[Sayma-Discuss] [Sayma-Announce] Fw: my latest newspaper column

JERE LICCIARDELLO licciardelloj at bellsouth.net
Fri Dec 30 05:22:32 PST 2011


you're welcome.  This is a very nice column Joe Parko wrote.



>________________________________
> From: Deanna Nipp-Kientz <aCertainGirl at charter.net>
>To: sayma-discuss at kitenet.net; SAYMA list <sayma-announce at kitenet.net> 
>Sent: Thursday, December 29, 2011 12:22 PM
>Subject: Re: [Sayma-Announce] Fw: my latest newspaper column
> 
>
>  
>Wow!  So well done.  Thank 
you.
> 
>Deanna Nipp-Kientz
>----- Original Message ----- 
>>From: Joe Parko 
>>To: SAYMA list 
>>Sent: Thursday, December 29, 2011 10:33  AM
>>Subject: [Sayma-Announce] Fw: my latest  newspaper column
>>
>>
>>my latest newspaper column
>>Joe Parko
>>Crossville Friends Meeting 
>>  December 27,  2011
>>WE THE PEOPLE: We are not made for  war
>> 
>>By Joe Parko Chronicle  contributor
>> 
>>CROSSVILLE — Many people think that  war is inevitable. They justify their belief by adding that war is "part of  human nature" or "in our genes." But is it really? 
The latest research shows there is nothing in the archaeological  record supporting the claim that our ancestors have been waging war against  each other for hundreds of thousands, let alone millions, of years. The first  clear-cut evidence of warfare appears just 14,000 years ago. The evidence  takes the form of rock art in Australia, Europe and elsewhere depicting  battles with spears, clubs and bows and arrows; and settlements clearly  fortified for protection against attacks.
War emerged very late in human history when humans shifted from a  nomadic existence to a settled one that was commonly tied to agriculture.  Archaeologist Brian Ferguson of Rutgers University says, "With a vested  interest in their lands, food stores and rich fishing sites, people could no  longer walk away
 from trouble. What's more, with settlement came the  production of surplus crops and the acquisition of valuable objects through  trade. All of a sudden, people had far more to lose, and to fight over, than  their hunter-gatherer forebears.”
So rather than being a product of  our genes, it looks like warfare emerged in response to a changing  environment. 
>>Archaeologist Steven LeBlanc of  Harvard University says that war is not a biological compulsion but, rather,  is a response to environmental conditions such as swelling populations and  dwindling food supplies. 
A surprising finding of the research is that there has been a  steady decline in the number of wars since ancient times. "Violence has been  in decline over long stretches of history," says Steven Pinker of Harvard  University. We mistakenly believe that war is more prevalent now than in the  past because, unlike in the past, we have instantaneous televised coverage of  wars around the globe.  The fact is that the number of wars has actually  been decreasing over the last few centuries. Pinker gives several reasons for  the decline of wars in general: First, the creation of stable nations with  effective legal systems and police forces. Second, the prospect of longer life  expectancies and a better quality of life that makes us less willing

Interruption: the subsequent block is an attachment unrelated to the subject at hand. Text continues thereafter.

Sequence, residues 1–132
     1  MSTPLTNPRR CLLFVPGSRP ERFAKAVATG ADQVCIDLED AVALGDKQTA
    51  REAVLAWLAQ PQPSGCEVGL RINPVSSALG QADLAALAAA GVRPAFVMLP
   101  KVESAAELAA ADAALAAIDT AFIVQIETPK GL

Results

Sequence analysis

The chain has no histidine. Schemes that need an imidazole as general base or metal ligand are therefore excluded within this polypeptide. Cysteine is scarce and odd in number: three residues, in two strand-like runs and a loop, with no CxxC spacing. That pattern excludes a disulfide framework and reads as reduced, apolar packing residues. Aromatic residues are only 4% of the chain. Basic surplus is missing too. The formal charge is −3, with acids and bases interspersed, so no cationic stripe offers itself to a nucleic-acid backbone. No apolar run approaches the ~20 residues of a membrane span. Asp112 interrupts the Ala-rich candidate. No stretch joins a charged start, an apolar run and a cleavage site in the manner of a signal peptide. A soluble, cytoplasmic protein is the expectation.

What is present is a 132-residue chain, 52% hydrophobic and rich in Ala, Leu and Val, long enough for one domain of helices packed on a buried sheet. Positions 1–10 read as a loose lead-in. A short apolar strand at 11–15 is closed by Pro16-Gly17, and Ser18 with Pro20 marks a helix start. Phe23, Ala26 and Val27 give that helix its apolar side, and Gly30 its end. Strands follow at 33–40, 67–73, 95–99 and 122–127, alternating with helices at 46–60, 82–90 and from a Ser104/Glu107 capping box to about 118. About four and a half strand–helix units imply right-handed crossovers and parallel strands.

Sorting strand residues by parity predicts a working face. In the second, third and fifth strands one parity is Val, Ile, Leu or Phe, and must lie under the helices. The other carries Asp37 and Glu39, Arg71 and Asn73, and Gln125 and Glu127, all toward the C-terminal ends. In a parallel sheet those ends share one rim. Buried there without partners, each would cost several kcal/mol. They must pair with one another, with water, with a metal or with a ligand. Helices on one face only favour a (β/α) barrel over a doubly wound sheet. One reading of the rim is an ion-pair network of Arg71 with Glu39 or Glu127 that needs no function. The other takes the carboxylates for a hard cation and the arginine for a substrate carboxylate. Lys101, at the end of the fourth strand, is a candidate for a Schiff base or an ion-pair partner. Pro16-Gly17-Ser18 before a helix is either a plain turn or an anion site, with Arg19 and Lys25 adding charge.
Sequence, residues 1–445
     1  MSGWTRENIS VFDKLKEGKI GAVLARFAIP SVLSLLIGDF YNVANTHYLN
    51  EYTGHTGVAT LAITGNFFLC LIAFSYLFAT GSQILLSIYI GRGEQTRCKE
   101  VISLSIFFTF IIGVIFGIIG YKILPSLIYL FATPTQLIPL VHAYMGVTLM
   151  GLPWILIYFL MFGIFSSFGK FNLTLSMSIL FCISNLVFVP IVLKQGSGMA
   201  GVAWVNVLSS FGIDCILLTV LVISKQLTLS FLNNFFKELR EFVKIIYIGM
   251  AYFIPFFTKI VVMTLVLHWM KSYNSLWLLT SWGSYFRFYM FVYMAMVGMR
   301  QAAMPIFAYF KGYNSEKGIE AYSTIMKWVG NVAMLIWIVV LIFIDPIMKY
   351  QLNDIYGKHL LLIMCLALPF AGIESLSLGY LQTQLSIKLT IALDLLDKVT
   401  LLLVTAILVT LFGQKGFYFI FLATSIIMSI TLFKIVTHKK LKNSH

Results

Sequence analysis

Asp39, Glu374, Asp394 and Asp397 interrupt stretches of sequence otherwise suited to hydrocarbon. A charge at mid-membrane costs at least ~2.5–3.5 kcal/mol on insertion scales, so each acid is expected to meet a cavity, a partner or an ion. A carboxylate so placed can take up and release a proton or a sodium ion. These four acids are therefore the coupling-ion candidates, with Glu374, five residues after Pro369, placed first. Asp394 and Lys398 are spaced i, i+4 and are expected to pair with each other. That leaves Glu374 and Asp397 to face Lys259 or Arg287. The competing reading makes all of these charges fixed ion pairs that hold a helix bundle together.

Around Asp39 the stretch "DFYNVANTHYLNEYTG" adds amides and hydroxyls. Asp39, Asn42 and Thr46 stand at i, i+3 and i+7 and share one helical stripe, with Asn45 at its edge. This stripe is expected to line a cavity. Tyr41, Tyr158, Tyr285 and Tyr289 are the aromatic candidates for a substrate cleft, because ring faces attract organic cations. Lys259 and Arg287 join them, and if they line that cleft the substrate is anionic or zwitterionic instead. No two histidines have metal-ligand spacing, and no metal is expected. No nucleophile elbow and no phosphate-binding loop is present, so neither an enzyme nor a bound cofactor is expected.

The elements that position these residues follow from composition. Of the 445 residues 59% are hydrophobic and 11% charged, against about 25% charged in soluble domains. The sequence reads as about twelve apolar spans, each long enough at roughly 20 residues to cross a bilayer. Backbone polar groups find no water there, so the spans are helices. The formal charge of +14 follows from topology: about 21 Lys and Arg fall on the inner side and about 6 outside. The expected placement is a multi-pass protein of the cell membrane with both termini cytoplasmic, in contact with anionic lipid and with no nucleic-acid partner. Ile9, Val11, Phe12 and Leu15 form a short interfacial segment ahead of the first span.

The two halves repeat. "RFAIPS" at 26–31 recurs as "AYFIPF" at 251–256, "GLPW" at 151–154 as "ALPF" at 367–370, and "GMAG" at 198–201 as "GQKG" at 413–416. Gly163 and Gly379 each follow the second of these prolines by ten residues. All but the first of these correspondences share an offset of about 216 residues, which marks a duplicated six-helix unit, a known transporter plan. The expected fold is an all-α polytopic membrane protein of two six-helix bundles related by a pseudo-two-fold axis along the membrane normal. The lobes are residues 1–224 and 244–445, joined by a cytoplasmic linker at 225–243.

to risk  our lives through violence. Third, increasing globalization and improvements  in communications technology, which have increased our interdependence with,  and understanding towards, those outside of our immediate "tribes.” 
>>
>>Understanding the environmental conditions that promote war also 
  suggests ways to limit it. LeBlanc points out that the modern focus of human 
  competition — and the warfare that can accompany it — has shifted away from 
  food to energy. One of the keys to peace, he suggests, is developing reliable 
  alternatives to fossil fuels. Another key to peace is education that promotes 
  tolerance and non-violent conflict resolution.
>>
>>Any announcement of the 
  end of warfare would be premature. At the very least, though, we can 
  confidently reject the fatalistic belief that war is innate in human nature. 
  That assumes "we're some kind of robots where aggressive genes force us to 
  pick up knives and guns like zombies and attack each other without any 
  thoughts going through our heads," says Pinker.
>>
>>War is not in our 
  genes. The research shows that we were not created for war. The fact that the 
  military has to put soldiers through months of intensive training in order to 
  get them to kill another human being is a further indication that we are not 
  born for war. And if warfare is not innate then, surely, neither is it 
  inevitable. The fact is that humanity’s ability to reason and to cooperate has 
  been, and will continue to be, our key to survival. Our genes do not cause 
  war. We have the power to avoid war by using our minds instead of our weapons. 
  A good place to start using our minds is to think about the future and to tell 
  Congress to cut our huge weapons budget and to use the money to develop 
  renewable energy sources instead of more weapons so that we won’t have to 
  fight more wars to keep the oil flowing from the Middle East. As we celebrate 
  this Christmas season, let Christians show that we truly follow the Prince of 
  Peace by actually working for peace. The war in Iraq is over and we need to 
  end the war in Afghanistan. Call Congress today and tell them to reduce our 
  massive weapons budget and to use the money to promote peace and prosperity 
  here instead of war and destruction over there. It’s time for America to stop 
  spending almost half its annual budget on war and weapons. It’s time to start 
  beating our swords into plowshares. 

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